Well said

  11. Gerry Robertson says:

    Much has been made here of the UK taking responsibility for the UK debt which is fair enough but surely as with any Partnership breakup any Financial settlement will need to include a split of Assets as well as Liabilities and I suspect in the Independence case Scotland’s share of all UK & Commonealth Assets would amount to many £bn’s if not £trn’s. I have heard so many estimates of this now so would welcome some independent assessment. Anyone?

    1. John S Warren says:

      Mr Robertson, Mr Albert,

      There will not be a division of assets and liabilities, because rUK is the ‘continuator state’. This is not a dissolution of UK. rUK is the continuator state.

      The terms of Scotland leaving the Union is by mutual negotiation under international law. International law has no fixed “code” beyond mutuality. The lawyers resort thereafter to soft ‘opinion’, thick in ambiguity and distinctive and very different cases, in different circumstances, leading nowhere solid.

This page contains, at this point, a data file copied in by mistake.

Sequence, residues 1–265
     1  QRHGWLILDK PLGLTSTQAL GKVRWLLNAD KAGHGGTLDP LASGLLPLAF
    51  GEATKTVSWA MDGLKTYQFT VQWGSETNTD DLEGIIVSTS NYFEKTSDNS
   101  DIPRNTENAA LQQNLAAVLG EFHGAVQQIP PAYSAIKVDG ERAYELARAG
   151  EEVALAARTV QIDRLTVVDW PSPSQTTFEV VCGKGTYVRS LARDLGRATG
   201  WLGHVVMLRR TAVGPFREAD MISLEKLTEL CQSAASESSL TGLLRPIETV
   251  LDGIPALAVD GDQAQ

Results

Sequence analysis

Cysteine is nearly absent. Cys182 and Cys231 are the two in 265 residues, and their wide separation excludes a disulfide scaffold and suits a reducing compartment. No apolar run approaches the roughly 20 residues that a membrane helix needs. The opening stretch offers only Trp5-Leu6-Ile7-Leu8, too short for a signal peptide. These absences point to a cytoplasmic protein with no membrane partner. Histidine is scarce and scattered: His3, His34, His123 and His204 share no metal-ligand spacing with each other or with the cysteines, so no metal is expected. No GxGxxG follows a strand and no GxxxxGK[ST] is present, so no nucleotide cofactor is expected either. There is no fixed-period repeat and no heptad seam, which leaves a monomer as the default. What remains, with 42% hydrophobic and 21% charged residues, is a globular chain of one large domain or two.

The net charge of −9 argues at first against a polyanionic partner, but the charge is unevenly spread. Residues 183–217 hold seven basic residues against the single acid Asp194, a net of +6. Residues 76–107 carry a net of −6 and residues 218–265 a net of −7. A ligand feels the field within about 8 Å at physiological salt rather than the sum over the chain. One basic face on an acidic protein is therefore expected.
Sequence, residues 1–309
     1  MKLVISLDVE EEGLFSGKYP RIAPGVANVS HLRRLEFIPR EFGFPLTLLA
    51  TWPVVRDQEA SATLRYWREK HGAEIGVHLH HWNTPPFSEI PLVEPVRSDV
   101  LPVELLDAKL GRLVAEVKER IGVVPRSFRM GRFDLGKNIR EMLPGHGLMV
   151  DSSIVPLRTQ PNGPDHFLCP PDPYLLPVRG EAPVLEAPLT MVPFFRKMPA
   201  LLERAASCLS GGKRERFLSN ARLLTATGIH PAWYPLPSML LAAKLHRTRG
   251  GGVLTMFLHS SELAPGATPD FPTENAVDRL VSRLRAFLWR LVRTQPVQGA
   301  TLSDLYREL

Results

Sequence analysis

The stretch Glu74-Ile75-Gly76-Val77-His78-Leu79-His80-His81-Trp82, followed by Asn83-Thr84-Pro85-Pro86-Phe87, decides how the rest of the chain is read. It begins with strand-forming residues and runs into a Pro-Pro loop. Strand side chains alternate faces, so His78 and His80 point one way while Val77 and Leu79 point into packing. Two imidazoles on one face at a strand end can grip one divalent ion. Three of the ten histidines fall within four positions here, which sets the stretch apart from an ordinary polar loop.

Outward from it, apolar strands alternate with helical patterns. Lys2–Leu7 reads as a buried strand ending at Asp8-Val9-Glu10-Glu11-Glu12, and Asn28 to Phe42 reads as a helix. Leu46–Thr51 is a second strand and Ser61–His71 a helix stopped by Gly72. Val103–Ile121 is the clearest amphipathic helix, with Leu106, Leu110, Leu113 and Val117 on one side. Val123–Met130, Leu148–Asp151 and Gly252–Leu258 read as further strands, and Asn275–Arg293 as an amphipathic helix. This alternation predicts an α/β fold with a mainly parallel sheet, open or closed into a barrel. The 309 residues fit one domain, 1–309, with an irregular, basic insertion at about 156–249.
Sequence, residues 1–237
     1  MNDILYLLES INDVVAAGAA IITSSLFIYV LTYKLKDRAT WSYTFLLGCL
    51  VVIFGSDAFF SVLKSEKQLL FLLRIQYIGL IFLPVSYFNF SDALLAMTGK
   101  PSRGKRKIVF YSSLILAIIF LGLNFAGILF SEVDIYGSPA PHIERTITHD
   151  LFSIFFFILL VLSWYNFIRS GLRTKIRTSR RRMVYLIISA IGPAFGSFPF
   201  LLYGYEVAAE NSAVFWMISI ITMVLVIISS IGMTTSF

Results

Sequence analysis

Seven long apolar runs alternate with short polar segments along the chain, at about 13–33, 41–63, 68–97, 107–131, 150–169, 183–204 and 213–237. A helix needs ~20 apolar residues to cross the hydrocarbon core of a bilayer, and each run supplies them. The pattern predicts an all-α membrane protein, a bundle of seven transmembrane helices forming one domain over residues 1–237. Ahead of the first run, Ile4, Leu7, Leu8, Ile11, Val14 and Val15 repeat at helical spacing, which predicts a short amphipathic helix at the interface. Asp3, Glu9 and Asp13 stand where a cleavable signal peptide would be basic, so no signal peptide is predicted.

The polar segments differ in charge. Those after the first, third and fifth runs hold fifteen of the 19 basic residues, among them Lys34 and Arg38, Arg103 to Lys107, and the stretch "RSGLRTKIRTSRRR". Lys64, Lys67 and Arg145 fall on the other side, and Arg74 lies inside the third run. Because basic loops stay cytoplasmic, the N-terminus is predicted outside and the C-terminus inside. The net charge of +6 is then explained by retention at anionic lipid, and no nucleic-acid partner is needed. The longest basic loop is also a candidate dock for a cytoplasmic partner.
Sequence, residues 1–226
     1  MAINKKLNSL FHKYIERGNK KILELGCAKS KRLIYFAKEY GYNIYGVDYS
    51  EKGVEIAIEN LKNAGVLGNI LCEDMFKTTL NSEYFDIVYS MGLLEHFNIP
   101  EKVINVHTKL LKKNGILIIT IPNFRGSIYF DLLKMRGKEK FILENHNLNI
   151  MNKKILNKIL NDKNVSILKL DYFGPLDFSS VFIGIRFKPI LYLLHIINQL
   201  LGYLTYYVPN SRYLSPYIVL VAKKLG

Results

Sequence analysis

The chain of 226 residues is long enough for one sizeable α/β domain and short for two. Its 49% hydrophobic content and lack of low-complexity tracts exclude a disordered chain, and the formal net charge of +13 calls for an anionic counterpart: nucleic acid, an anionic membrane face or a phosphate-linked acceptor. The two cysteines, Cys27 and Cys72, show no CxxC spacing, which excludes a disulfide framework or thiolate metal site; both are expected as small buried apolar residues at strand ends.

We need not debate how this goes however, because we already know the answer. rUK is not going to negotiate. It is just assuming ‘continuator state’ status for rUK. This is not a negotiation, but a decree. rUK has taken the currency and central bank, assets and liabilities in their entirety. They have already committed to that, without any exceptions. Scotland is excluded from control over its own currency. Alex Salmond wanted joint sovereignty over the £Sterling, but the British Government, Treasury and BofE rejected the proposition. They wanted complete, sole control of the currency, BofE, and all assets and liabilities of bot,h in order to have full sovereignty as continuator state. Scotland has not rejected this, because it does not want dissolution either.